• The page quote
  • Art Evolution: Take a look at volume one. Now look at volume six. Now back to one. Now back to six. Drawn over eight years, there is a perceptible shift to more realistic detail and proportion (though not as pronounced as Saiyuki's); the early images on the character sheets in later volumes are a ready illustration.
  • Body Horror: For "wild adapter" read "metamorphoses users into hirsute, beclawed, hyper-aggressive zombies, then makes their organs explode."
    Kasai: This is the sixth body we've found that seems to have transformed into a beast - in attitude and appearance - after taking the drug. But he's the only one that died from a gunshot wound. The rest were exploded into gory little pieces.
  • Boys Love Genre: Technically – the series ran in a BL magazine – but Boys Love Tropes are usually averted, unless subverted or parodied.
    Kubota: "We're seeking spiritual guidance because we're a gay, sex-addicted couple... who are half-brothers, disowned by our family after the consummation of our forbidden love." How's that? Isn't it perfect?
    Tokito: Wha - wha - wha - what the hell is that?! No fucking way!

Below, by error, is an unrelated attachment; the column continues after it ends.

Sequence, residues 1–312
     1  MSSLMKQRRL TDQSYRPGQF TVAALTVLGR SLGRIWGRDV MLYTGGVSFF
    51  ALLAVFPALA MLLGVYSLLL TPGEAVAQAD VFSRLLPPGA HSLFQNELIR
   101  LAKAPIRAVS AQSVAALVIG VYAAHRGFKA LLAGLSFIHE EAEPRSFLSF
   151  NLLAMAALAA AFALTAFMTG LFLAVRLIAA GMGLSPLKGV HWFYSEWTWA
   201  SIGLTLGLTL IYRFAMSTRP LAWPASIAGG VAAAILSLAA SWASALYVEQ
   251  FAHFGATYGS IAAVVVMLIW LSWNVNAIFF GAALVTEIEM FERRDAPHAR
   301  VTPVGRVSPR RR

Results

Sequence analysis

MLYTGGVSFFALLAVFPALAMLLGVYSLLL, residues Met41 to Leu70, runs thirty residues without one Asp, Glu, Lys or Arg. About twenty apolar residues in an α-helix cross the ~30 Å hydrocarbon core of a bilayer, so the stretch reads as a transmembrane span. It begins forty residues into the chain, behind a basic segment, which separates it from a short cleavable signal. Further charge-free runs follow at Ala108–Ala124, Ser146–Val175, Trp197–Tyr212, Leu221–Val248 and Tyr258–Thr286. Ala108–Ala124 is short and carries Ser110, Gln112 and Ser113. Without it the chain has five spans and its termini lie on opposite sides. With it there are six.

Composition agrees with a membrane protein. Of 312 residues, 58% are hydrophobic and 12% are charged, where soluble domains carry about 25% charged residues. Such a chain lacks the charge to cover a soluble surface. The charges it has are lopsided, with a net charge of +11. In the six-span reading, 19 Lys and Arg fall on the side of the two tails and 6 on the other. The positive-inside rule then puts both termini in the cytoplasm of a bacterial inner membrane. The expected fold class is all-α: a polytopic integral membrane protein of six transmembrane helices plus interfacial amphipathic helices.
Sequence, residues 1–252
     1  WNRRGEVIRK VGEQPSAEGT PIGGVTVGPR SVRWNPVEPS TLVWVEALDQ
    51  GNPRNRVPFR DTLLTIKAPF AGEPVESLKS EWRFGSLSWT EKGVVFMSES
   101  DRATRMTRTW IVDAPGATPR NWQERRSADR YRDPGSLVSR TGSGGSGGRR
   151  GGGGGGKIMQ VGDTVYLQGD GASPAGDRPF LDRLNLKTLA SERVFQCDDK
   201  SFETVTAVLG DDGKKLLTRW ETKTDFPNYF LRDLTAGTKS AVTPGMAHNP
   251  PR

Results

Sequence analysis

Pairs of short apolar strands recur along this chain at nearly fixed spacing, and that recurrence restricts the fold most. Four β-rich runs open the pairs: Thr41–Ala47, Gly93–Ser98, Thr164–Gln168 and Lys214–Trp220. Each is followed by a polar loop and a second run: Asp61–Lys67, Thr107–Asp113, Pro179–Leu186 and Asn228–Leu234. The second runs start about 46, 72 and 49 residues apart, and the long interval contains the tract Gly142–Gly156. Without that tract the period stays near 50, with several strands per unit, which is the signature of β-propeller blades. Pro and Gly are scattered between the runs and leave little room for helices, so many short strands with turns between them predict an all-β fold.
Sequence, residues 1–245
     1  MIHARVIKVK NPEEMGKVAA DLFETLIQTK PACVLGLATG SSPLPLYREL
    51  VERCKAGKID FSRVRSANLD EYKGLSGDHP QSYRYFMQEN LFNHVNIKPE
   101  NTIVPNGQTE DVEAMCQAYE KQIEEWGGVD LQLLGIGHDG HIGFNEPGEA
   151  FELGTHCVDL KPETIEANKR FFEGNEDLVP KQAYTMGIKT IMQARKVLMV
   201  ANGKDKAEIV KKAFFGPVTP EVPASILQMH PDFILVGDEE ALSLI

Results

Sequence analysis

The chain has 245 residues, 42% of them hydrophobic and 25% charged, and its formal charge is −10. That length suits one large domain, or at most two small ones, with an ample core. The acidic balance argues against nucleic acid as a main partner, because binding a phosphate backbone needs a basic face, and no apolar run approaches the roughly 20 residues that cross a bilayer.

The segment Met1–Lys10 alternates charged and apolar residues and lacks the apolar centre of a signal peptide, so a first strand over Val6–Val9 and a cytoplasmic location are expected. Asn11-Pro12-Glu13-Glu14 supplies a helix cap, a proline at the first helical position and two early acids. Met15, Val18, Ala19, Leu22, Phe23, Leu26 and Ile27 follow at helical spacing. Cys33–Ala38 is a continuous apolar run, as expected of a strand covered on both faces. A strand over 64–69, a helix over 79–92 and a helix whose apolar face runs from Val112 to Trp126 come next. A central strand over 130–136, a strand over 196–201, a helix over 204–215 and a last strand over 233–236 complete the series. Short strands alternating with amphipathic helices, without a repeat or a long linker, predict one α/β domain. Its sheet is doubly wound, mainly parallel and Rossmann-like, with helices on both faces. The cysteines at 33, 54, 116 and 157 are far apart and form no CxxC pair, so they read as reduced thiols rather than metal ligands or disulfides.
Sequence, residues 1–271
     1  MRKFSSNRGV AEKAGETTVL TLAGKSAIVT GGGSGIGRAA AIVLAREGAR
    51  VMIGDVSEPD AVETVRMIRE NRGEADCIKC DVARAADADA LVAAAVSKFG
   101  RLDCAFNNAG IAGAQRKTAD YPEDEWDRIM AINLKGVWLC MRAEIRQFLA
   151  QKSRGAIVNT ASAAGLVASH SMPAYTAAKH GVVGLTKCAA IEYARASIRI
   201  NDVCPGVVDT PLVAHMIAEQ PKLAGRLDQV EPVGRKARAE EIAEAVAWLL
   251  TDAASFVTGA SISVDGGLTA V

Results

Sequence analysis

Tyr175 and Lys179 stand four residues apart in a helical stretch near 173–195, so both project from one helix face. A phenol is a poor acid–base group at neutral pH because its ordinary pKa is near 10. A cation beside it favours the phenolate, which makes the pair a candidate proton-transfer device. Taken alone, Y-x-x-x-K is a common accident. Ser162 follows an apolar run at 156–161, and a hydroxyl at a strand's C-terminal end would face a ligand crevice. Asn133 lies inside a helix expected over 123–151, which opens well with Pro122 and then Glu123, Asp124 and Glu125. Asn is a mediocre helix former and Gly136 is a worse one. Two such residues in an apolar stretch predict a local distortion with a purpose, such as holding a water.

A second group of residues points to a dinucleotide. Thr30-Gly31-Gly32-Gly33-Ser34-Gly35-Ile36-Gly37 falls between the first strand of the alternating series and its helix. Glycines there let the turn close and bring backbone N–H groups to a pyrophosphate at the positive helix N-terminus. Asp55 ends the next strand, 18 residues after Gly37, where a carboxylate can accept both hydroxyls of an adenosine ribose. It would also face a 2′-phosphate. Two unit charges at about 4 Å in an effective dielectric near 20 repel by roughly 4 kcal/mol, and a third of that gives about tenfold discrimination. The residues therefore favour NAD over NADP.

• Driving Question: Where does W.A. come from, and what happened to Tokito?
  • Expys: Kubota Makoto and Tokito Minoru also appear in Araiso Private High School Student Council Executive Committee, which is otherwise unrelated to Wild Adapter. While Araiso was published earlier, Minekura created Wild Adapter first, so which versions are the originals and which are the expys is open to debate.
    • Tokito, Kubota, and Kou appear as "Wonder Arm", "the mysterious guy", and "a good scientist" in the shonen manga that Shouta draws in volume five.
  • Fantastic Drug: The mysterious "W.A.", whose source and composition are unknown and side-effects are gross.
  • First-Person Peripheral Narrator: Though there are many scenes from Kubota or Tokito's perspectives, each arc is partly narrated by a minor protagonist (or antagonist), who observes them from the outside and usually elucidates much of the theme.
    • Volume one: Komiya
    • Volume two: Saori
    • Volume three: Takizawa
    • Volume four: Shimura, Anna
    • Volume five: Shouta
    • Volume six: Osamu
    • Volume seven: Yoshiro, Kasai
  • Gangsta Style: Is a rather oft-recurring image of Kubota.